DeVos’s New Tuition Tax Credit Voucher Proposal Is Dead on Arrival in Congress

Even if you believe public schools are among America’s most important public institutions, you have to give Betsy DeVos credit. She is perfectly consistent and doggedly persistent. Last week she proposed a new $5 billion federal tuition tax credit neo-voucher program.  She is determined to privatize the public schools; fortunately she doesn’t seem to be getting anywhere.

For the NY Times, Erica Green describes DeVos’s pitch: “She called it a ‘bold’ proposal that gives ‘hundreds of thousands of students across the country the power to find the right fit for their education… The biggest winners will be America’s forgotten children, who will finally have choices previously available only for the rich, the powerful and the well-connected.'”

So… what is Betsy proposing in 2919?  The Washington Post‘s Laura Meckler explains: “The proposal would authorize a 100 percent credit for contributions to any state-sanctioned scholarship fund, meaning donors could get back their entire donation through their federal taxes… The maximum credit would be set at 10 percent of an individual’s adjusted gross income, or 5 percent of a business’s net taxable income.  Overall, the program would be capped at $5 billion a year.”

The thing is that, except for Texas Senator Ted Cruz  and Rep. Bradley Byrne of Alabama, who are among the proposal’s sponsors in Congress, nobody seems to think DeVos’s new tuition tax credit vouchers are a good idea.

Meckler reports: “A similar federal tax credit was pushed in the first year of the Trump administration as part of the broader tax overhaul. But the overall thrust of the tax overhaul was simplifying the tax code, and the education tax credit would do the opposite. And some conservatives complained then that a federal program could lead to increased federal control over private-school scholarship programs.”

Green reports that Rep. Bobby Scott, chair of the House Education Committee, rejects the new plan: “House Democrats will not waste time on proposals that undermine public education.”

And Senator Patty Murray, the ranking Democrat on the Senate Health, Education, Labor, and Pensions Committee, says the idea won’t move through Congress: “Secretary DeVos keeps pushing her anti-public school agenda despite a clear lack of support from parents, students, teachers and even within her own party… Congress has repeatedly rejected her privatization efforts, and she should expect nothing less here.”

Even people who are usually Betsy DeVos’s partners in promoting marketplace school choice oppose DeVos’s recent proposal.  Green describes the concerns of Neal McCluskey, the director of the Center for Educational Freedom at the libertarian Cato Institute: “The credit would spur people to demand their states participate, and as more schools benefited from federally connected scholarships, all schools would be financially pressured to use them.”

In a statement released by the Heritage Foundation, director Lindsey Burke and and Heritage senior policy analyst Adam Michel warn: “This could open the door for further education regulations down the road that neutralize the advantages of private education as well as impede future reform efforts. Future administrations could use a federal tax credit scholarship to require that schools adhere to certain admissions and accountability policies. That would mean the federal government could further dictate testing, reporting, academic content, and even bathroom policies for all schools involved. This proposal is also outside of the federal government’s jurisdiction. It would grow, rather than reduce, federal intervention in education.”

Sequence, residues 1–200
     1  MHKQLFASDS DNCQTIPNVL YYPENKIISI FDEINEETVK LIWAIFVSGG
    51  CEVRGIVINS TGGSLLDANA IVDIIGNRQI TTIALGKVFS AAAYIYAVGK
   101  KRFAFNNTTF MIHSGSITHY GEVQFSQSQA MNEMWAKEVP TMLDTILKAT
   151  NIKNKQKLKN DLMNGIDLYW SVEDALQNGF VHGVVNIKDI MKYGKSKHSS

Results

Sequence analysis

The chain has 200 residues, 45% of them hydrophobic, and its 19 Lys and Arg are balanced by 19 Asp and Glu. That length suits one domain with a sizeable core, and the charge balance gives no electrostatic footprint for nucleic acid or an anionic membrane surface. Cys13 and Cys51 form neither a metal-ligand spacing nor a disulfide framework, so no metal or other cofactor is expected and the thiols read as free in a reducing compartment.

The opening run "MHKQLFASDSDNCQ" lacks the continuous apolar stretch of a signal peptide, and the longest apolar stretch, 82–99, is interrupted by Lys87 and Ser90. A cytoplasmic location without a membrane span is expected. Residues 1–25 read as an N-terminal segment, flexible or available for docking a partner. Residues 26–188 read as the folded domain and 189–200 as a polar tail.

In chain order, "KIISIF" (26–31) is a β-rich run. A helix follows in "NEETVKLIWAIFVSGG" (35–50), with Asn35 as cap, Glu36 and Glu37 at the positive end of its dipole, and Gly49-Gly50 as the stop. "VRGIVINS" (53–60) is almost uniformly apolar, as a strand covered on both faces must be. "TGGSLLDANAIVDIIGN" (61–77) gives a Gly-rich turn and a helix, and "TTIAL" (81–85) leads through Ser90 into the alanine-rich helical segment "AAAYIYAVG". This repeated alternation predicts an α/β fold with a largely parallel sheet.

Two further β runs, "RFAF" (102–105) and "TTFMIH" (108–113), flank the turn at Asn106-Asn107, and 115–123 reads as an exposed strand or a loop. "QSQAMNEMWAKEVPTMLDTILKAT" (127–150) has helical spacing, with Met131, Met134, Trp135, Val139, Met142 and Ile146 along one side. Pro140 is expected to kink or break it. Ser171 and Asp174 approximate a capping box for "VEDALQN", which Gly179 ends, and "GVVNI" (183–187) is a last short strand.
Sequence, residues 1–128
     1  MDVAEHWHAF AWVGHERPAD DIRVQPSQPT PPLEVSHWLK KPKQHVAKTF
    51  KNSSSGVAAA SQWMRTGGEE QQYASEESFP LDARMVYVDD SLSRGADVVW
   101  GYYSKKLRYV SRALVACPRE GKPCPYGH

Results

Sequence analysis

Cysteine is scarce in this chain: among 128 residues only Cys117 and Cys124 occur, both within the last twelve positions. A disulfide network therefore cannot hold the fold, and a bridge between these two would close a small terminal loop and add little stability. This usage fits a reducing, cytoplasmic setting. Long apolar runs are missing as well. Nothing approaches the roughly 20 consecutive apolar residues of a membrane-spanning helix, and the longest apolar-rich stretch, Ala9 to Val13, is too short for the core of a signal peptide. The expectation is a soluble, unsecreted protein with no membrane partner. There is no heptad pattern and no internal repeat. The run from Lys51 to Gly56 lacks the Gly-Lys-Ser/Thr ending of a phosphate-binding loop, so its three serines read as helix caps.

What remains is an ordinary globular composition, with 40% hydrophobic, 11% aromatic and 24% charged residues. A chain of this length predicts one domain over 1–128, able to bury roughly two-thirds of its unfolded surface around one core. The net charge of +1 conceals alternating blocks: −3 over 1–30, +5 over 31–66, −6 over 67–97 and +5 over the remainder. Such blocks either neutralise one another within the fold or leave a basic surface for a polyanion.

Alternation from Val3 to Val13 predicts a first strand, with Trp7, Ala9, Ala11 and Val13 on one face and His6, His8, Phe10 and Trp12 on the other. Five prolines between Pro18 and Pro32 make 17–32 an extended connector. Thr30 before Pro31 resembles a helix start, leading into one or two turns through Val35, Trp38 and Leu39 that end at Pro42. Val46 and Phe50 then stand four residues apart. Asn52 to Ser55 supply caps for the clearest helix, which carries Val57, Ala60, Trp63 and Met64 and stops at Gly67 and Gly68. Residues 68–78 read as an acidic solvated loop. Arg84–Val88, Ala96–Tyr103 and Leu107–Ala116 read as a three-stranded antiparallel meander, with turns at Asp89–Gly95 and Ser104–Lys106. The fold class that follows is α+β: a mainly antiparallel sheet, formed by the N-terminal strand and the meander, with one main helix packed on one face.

In her NY Times report, Green quotes a particularly poignant comment from an organization well versed in the problems public school teachers have been demonstrating across the nation all year: “JoAnn Bartoletti, the executive director of the National Association of Secondary School Principals, called the proposal ‘particularly tone deaf’ as school leaders across the country struggle to retain teachers who are fed up with low pay and declining work conditions.”

In her analysis of DeVos’s new plan, the Washington Post’s Valerie Strauss reassures readers.  As she begins her article and before she even explains DeVos’s new idea for federally underwritten tax credits, Strauss confirms that DeVos’s new program cannot possibly pass Congress: “To be clear, the new legislation has virtually no chance of passing Congress; Democrats now control the House and most of them wouldn’t support it.  A similar idea couldn’t muster enough enthusiasm a few years ago when Republicans controlled the House and the Senate.”


2 thoughts on “DeVos’s New Tuition Tax Credit Voucher Proposal Is Dead on Arrival in Congress

  1. “And hast thou slain the Jabberwock?
    Come to my arms, my beamish boy!
    O frabjous day! Callooh! Callay!”
    He chortled in his joy.

    It’s too soon to be sure, and even doubtful, the Jabberwock, aka Betsy DeVos, is dead, but I am encouraged by your reporting today concerning the backdoor voucher program that not even a lot of conservatives want DeVos’s proposal to be approved! O frabjous day! Callooh! Callay!”

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